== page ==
His excellent performance at the bench earned the young lawyer rapid promotions, and within seven years, he was appointed an Appeals Court Judge, the highest court of jurisdiction at the time, barely seven years after being sent to the bench.

Mr. Justice Daniel Francis Anan served diligently for eight years, before retiring at the rather youthful age of 50 in February 1979. He went into private business. In 1983, the Provisional National Defence Council courted him in various categories of national service before appointing him a member of the ruling council.

Mr. Justice Dan Annan was widely regarded as the father of the Fourth Republican rule. It is said that the eminent lawyer and jurist was appointed by the PNDC to head the National Commission for Democracy, to solicit opinions on whether or not Ghanaians wanted to return to democracy, with the strict brief to skew the findings towards the rejection of multi-party democracy.

Honest to a fault, the eminent jurist established that Ghanaians favoured a return to multi-party democracy, and made the necessary recommendations for the exit of the military junta, headed by Flt. Lt. Jerry John Rawlings.

When Parliament re-convened after the controversial 1992 Presidential and Parliamentary elections, Mr. Justice Annan was unanimously endorsed as Speaker of Parliament. After two terms spanning eight years, he retired from his ‘Order’ shouting role.

Mr. Justice Annan played various roles for the National Democratic Congress, notably Chairman of the Council of Elders. He was also widely recognised in the circle of civil (Non- Governmental Organisation) roles, sitting on the boards of the Institute for Democratic Governance (IDEC) and the Institute of the Economic Affairs.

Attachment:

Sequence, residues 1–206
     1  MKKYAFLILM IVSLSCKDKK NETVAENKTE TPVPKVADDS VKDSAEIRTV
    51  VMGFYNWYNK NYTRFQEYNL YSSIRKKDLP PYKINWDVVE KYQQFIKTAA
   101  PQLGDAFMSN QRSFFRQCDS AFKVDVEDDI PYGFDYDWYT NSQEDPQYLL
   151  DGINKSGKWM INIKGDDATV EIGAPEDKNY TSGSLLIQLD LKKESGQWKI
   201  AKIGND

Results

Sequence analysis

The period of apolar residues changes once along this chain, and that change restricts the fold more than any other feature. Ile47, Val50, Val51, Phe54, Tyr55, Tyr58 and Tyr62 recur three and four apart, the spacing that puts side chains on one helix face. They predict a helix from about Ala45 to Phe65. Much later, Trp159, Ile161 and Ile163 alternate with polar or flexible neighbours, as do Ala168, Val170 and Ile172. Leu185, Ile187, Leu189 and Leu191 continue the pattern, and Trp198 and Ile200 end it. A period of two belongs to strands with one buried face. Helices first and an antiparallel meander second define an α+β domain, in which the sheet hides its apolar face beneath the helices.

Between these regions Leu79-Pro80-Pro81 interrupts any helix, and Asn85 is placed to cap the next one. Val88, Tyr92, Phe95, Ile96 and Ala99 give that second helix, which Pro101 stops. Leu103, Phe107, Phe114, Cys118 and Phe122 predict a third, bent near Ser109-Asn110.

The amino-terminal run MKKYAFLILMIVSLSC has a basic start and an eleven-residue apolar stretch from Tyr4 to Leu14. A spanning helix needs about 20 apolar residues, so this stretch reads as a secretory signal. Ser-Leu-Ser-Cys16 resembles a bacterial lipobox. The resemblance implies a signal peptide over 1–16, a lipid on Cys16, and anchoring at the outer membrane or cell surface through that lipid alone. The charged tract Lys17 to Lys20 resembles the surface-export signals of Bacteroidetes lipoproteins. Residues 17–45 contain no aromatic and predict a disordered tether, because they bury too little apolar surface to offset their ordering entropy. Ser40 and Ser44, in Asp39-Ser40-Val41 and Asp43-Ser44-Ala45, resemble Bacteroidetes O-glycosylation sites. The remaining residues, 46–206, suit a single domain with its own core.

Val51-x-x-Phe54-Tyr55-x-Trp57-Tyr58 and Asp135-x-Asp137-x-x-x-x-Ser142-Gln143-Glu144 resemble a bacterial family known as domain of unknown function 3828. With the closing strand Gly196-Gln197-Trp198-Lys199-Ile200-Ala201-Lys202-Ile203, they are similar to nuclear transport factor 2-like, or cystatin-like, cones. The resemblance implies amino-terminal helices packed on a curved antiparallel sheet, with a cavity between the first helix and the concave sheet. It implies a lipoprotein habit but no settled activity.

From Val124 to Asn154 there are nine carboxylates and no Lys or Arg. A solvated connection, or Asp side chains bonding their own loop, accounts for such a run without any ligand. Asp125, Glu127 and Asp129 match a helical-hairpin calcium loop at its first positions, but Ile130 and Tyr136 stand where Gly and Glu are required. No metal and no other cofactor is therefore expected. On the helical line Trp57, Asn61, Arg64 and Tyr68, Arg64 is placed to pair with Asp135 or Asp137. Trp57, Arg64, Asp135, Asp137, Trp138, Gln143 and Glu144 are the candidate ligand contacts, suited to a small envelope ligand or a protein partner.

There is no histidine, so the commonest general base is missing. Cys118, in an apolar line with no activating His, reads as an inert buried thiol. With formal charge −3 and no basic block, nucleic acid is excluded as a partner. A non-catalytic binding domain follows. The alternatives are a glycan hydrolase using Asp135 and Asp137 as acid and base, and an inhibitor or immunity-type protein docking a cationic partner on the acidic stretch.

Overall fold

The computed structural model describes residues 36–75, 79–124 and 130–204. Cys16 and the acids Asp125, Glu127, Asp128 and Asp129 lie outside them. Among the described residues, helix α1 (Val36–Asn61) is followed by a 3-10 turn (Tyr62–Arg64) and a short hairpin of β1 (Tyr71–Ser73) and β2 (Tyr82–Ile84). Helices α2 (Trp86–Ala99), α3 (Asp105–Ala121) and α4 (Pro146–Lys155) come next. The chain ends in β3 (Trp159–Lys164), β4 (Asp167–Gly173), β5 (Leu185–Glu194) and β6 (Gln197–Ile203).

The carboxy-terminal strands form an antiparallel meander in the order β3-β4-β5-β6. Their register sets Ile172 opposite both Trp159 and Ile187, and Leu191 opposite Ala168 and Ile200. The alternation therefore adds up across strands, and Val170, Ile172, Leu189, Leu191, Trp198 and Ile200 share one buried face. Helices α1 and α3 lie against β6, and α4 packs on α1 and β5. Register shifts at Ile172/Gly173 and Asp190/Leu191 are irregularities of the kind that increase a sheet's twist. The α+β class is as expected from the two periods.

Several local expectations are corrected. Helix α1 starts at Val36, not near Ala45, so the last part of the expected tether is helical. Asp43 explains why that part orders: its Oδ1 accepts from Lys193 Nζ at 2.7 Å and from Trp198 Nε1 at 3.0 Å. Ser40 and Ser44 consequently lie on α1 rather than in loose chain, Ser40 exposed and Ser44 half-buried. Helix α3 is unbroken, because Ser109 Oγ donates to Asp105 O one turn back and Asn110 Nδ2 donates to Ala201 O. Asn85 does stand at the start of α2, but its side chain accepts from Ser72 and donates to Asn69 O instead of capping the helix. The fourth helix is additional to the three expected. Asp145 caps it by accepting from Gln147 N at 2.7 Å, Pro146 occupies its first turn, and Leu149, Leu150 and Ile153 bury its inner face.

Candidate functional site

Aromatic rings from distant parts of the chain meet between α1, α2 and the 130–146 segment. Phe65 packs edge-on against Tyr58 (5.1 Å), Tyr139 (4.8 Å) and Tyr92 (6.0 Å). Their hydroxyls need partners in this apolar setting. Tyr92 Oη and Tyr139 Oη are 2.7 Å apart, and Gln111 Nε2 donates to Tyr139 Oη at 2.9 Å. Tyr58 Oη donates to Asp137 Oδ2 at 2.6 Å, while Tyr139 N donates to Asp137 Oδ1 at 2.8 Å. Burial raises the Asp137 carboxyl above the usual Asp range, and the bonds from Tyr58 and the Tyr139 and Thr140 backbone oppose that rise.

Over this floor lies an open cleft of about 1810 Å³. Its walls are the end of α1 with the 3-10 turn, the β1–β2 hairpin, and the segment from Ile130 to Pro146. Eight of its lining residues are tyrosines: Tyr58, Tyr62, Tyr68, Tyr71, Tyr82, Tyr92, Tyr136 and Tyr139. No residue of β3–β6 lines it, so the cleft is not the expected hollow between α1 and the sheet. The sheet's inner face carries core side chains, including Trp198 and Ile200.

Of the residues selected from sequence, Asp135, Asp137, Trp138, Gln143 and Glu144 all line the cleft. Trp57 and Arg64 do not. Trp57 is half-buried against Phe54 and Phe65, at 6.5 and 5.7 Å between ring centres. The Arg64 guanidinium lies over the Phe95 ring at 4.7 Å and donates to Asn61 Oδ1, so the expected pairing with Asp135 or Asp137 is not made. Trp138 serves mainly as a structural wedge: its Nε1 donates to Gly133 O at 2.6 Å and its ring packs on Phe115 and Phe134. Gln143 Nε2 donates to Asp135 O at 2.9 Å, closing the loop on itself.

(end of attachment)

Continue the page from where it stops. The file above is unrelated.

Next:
My encounter with the late Mrs. Justice Annan was mainly through sports. When I started my career as a sports journalist, after graduating from the Ghana Institute of Journalism in 1974, the late Mr. Justice Dan. F. Annan was Chairman of the Ghana Boxing Promotions Syndicate, the organisation that guided David Kotei Poison to win the first world title for Ghana in September 1975.

The late Mr. Justice Annan was a boxing promoter par excellence. He formed the Dan and Dan Promotions with a friend, and was instrumental in staging the first world title boxing tournament in Ghana, bringing in Sugar Ramos to fight Floyd Klutei Robertson in Accra in 1964. It is believed that his first major contact with the then junta head, Jerry John Rawlings, former Chairman of the Provisional National Defence Council, was through boxing.

I was a mate of the late Mr. Justice Annan’s daughter. But my acquaintance with the astute statesman himself was through boxing. Most of the press releases from the Ghana Boxing Promotions Syndicate reached the various media houses through my honourable self.

He won several state awards for his contribution to the growth of this society. He was decorated with the Star of Ghana, this nation’s highest state award. In his life-time, he achieved the singular honour of serving on all three arms of state – the executive, legislative and the judiciary.

The late Mr. Justice Annan did well for himself. Even after 10 years of his demise, he still commands attention from all aspects of society. He was a family man who is survived by six children, remembered for his role in promoting Methodism as a religious faith in Accra especially, and served his country in politics and in civil society organisation.

10 years after Mother Earth received his mortal remains, the late Mr. Justice Daniel Francis Annan’s deeds in promoting democracy at the time when the gun was the final arbiter in matters of state, is worth celebrating. Mr. Justice Dan F. Annan is with his maker.

When cometh another Statesman of his structure!